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Boyd v. EOUSA, No. 13-1304, 2015 WL 7720461 (D.D.C. Nov. 30, 2015) (Jackson, J.)


Boyd v. EOUSA, No. 13-1304, 2015 WL 7720461 (D.D.C. Nov. 30, 2015) (Jackson, J.)

Re: Request for records concerning plaintiff's criminal case

Disposition: Granting in part and denying in part defendant's motion for summary judgment

  • Exemption 7, Threshold:  Regarding interview memoranda, "[b]ased on the Court’s in camera review, [the court finds that] it is clear that the documents were compiled for [a law enforcement] purpose because they relate to the criminal investigation and prosecution."
  • Exemption 7(C):  The court finds that interview memoranda were properly withheld.  Concerning the privacy interests at issue, the court finds that "[t]he privacy interests are especially acute in this case because, based on the Court’s in camera review of the records, there is a fair possibility that plaintiff would be able to identify the parties based on other information in the documents, even if their names were redacted."  Concerning the public interest, the court finds that "[t]he interview memoranda at issue . . . contain, at most, 'little or nothing' about the Department of Justice's investigation into the plaintiff" and "do not even seem to shed light on plaintiff’s alleged discovery violations, but even if they did, plaintiff would still not be entitled to them."
  • Procedural Requirements, "Reasonably Segregable" Obligation:  "[T]he Court concludes that there is no segregable material in [the] interview memoranda because the non-exempt portions of document 1 are 'inextricably intertwined' with the identifying information about the witnesses."  "The reports rely on the statements of the witnesses, and even if their names were redacted, plaintiff would likely be able to identify those people."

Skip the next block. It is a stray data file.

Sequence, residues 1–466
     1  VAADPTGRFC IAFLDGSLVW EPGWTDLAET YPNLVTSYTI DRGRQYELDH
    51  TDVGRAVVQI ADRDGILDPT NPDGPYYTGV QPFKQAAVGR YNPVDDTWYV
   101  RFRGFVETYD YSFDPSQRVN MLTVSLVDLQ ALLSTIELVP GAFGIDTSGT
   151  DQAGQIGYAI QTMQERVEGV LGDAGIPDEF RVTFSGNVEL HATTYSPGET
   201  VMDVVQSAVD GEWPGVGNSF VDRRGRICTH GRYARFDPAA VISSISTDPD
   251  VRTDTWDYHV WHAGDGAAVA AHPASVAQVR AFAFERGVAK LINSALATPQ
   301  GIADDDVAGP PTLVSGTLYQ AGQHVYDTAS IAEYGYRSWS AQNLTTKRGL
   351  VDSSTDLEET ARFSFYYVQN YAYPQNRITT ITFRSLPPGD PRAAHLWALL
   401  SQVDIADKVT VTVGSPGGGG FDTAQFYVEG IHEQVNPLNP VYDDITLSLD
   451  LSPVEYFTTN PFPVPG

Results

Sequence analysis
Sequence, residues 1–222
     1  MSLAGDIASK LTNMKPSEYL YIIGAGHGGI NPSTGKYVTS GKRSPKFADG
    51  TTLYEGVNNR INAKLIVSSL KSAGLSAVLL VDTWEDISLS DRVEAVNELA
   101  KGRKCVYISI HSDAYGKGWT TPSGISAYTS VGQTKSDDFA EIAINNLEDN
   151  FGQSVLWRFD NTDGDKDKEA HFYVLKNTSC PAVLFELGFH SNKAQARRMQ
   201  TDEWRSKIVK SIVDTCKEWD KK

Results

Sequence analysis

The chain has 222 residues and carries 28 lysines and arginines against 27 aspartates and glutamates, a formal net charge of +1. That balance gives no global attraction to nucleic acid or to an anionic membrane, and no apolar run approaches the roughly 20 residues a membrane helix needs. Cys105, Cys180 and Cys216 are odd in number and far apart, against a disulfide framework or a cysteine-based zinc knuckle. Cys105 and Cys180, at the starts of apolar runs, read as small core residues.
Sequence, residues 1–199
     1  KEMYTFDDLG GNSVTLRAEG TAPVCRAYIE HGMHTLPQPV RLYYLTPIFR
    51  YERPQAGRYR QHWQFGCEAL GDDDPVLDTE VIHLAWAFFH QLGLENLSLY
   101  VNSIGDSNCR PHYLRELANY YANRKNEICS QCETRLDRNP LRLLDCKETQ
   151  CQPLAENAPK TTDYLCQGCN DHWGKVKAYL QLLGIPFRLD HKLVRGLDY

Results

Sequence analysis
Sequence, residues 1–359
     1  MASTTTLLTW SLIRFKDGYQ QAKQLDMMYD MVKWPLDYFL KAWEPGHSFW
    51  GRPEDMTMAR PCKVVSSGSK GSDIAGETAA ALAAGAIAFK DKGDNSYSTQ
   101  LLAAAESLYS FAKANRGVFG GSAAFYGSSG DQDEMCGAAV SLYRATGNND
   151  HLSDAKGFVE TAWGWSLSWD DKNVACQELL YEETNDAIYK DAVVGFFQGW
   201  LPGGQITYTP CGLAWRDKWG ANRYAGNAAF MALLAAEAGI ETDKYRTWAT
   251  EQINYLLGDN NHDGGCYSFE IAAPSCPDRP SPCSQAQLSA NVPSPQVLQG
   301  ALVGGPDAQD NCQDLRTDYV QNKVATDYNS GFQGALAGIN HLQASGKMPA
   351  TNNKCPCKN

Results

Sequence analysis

• Exemption 3:  First, "[t]he Court has reviewed [a "'Conflict of Interest Certification[]'"] in camera . . . [and] is satisfied that EOUSA has properly withheld this document under the Ethics in Government Act because the document appears to be the kind of confidential financial disclosure report that is protected by [5 U.S.C. app. 4 § 107(a)(2)]."

Second, the court finds that one "page discuss[ing] 'the strategy or direction' of the grand jury’s investigation into plaintiff . . . was properly withheld in full" pursuant to Rule 6(e) of the Federal Rules of Criminal Procedure, but that "other pages . . . appear to be letters sent among the prosecution team, or between counsel for the government and counsel for plaintiff."  "Those letters were sent well after plaintiff’s indictment, and do not reflect any grand jury material protected by Rule 6(e)."  "Those letters, therefore, should not have been withheld in full."

  • Exemption 5, Attorney Work-Product & Deliberative Process Privilege:  "The Court finds that the proposed redacted P.S. line is not protected under the work-product or deliberative process privileges."  "The request does not reflect the mental processes of the attorney, as the work-product privilege would require, nor does it reflect internal agency decision-making."  "[T]he proposed redaction . . . merely contains a request that the recipients of the letter pass the information it contains to someone else."  "And the government has not proposed that the rest of the same letter, which details the government’s plans to review specific evidence, is protected under the work-product privilege."  "As to the other proposed redactions on other pages of [these] documents . . . and in all other respects, though, the Court agrees with EOUSA that any other redactions of [these] documents . . . were proper."
Court Decision Topic(s)
District Court opinions
Exemption 3
Exemption 5
Exemption 5, Attorney Work-Product Privilege
Exemption 5, Deliberative Process Privilege
Exemption 7
Exemption 7(C)
Exemption 7, Threshold
Litigation Considerations, “Reasonably Segregable” Requirements
Updated December 16, 2021